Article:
Members of the River Forest Development Review Board declined to comment on a building proposal for the intersection of Lake and Lathrop, after developers submitted revised plans just hours before a public hearing on July 26. 

“It’s difficult for me to make a decision on a recommendation to the village board if we don’t know what we’re being asked on,” said Frank Martin, chairman of the Development Review Board.

That said, Martin called the July meeting “much better” compared to Lake and Lathrop LLC’s “woefully inadequate” presentation at the public hearing in June. 

Lake and Lathrop LLC, comprising Sedgwick Development and Keystone Ventures, plans to build a five-story, mixed use development at 7601-21 Lake St. The parcel also includes 423 Ashland Ave.

The Development Review Board will now need to hear Lake and Lathrop LLC’s case again on Aug. 23 and make a recommendation to the village board. Village trustees will either approve or deny developers’ final application. If approved, this could push construction plans back by at least a month. 

After a nearly three-hour public hearing in June, where several residents voiced opposition to the proposed design and building height, Lake and Lathrop LLC now wants to shrink the corner cornice of the building to just 72 feet tall, which is still above the village’s height maximum of 50 feet. Developers are still seeking to build 32 residential units, and will need a site development allowance for 19 units. 

Resident Daniel Lauber continued to advocate for affordable housing at the property, especially since the village has gifted Lake and Lathrop LLC $2 million in tax increment financing funds to clean up the site. 

“It’s socialism for the wealthy and capitalism for the middle class,” Lauber said. “It should be rejected in this form.” 

Mark McKinney, director of project operations at Sedgwick, said developers completed a computer-generated shadow study and found the proposed building’s shadow would slightly climb St. Luke Church, but would have no impact on the windows of the nearby church and school. With the reduced height, there should be even less impact than projected, he said. 

But even with the reduced height, many residents and board members seemed opposed to proposed Beaux-Arts style of architecture. McKinney said their design was inspired, in part, by residents’ reaction to the ultra-modern design at District House in Oak Park, saying that some prospective tenants were looking for a more traditional design. 

“I think you overlooked a very easy design choice with Prairie Style,” said resident Lynne Higgins. 

KLOA traffic consultant Eric Russell reasserted that his December 2017 study was conducted during an appropriate time — a week before school break, when plenty of pedestrians were out, he said — and said the development will only add an additional 30 cars during peak congestion periods of school hours, some 1 percent of current traffic. Russell admitted that he did not study how construction would impact traffic.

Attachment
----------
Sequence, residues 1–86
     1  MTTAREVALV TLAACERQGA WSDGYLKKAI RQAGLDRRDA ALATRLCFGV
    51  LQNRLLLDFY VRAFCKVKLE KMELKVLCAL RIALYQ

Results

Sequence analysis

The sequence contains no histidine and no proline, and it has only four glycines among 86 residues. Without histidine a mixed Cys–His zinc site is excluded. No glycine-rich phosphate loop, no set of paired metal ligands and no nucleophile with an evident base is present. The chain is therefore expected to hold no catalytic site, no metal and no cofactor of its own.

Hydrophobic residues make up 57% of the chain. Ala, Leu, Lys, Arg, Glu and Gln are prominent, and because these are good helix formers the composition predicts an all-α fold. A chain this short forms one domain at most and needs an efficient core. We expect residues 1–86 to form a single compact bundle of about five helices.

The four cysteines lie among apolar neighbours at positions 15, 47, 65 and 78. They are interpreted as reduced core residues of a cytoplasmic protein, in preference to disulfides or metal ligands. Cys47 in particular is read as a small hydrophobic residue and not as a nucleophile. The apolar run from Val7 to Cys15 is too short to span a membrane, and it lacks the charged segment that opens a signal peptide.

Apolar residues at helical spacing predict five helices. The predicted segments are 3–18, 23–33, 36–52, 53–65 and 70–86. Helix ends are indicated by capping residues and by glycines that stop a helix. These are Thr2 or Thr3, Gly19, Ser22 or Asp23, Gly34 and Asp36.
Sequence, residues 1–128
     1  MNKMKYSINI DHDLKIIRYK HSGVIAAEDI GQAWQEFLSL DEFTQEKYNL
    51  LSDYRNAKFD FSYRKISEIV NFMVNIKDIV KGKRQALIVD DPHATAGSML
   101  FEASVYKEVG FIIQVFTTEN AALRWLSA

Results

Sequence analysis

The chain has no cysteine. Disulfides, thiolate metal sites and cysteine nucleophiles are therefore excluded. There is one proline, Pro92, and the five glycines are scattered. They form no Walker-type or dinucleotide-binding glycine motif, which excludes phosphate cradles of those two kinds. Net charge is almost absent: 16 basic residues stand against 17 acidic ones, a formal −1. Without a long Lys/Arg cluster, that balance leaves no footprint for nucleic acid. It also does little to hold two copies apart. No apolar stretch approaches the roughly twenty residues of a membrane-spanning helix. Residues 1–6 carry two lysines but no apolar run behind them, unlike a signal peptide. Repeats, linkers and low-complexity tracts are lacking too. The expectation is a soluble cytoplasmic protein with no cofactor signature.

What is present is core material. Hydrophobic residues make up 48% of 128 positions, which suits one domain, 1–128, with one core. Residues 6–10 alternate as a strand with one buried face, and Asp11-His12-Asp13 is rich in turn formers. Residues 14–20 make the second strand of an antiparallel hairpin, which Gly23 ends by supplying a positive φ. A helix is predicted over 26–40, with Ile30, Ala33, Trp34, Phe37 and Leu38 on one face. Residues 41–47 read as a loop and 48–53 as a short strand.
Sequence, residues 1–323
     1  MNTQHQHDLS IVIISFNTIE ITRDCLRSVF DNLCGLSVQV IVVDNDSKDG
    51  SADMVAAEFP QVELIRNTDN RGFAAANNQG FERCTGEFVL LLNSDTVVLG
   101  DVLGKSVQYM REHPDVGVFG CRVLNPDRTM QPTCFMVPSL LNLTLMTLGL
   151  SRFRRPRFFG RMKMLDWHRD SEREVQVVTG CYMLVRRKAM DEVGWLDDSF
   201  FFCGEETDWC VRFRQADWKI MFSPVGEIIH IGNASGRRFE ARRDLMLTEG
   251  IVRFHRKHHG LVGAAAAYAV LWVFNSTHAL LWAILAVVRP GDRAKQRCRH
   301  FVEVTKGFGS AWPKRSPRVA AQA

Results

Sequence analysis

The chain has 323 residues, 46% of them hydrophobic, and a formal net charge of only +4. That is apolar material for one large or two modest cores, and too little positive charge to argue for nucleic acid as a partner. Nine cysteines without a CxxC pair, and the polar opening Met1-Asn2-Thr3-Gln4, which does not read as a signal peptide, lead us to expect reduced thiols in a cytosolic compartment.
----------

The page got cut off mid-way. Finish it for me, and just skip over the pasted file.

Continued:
“It really won’t have an impact,” Russell said.  

Tim Hague, a River Forest resident and owner of Keystone Ventures, then unveiled more details concerning a retail space, saying that they aiming to attract themed sit-down casual restaurants like Davanti Enoteca as well as “fast casual” specialty eateries, naming Nandos, Chipotle Mexican Grill and Blaze Pizza as examples. 

“As we proceed with this, we hope to engage in conversations with” Tulipia Floral Design about appearing in the development, he said. Developers will need a zoning variance for the size of the sit-down restaurant they’re seeking (about 8,000 square feet, larger than the village’s limit of 5,000) and are hoping to change the land use language from “fast food” to “fast casual.”

He also said developers hoped to attract a “good breakfast restaurants” to the property. If they were able to attract a café, developers said they would seek a variance and aim to open the coffee shop at 6 a.m., an hour earlier than the village allows. 

Developers are also still seeking a parking variation, since the proposed 86 parking spaces fall on space short of the village’s mandate of 87, and their mix violates village code. 

Lake and Lathrop LLC is proposing 32 parking spaces for retail parking and 54 parking spaces for residents. The village requires no commercial parking, but the code would require 80 spaces for residents and seven spaces for their guests. 

Developers also have not identified how many handicapped spaces will be available, and will also need an allowance for the length the parking stalls proposed, which is 3 feet shorter than required. 

They said they plan to address a “pedestrian alert system” at the intersection of Lathrop and Ashland during the permitting stages, and want to also drop the ceiling of the retail parking height by a foot.

“We’re dealing with a fundamentally different transit system than we were 15 years ago,” said Corey Robertson, director of development services at Jameson Sotheby’s International Realty, which is marketing the property. “We’re seeing a significant shift in parking needs.”


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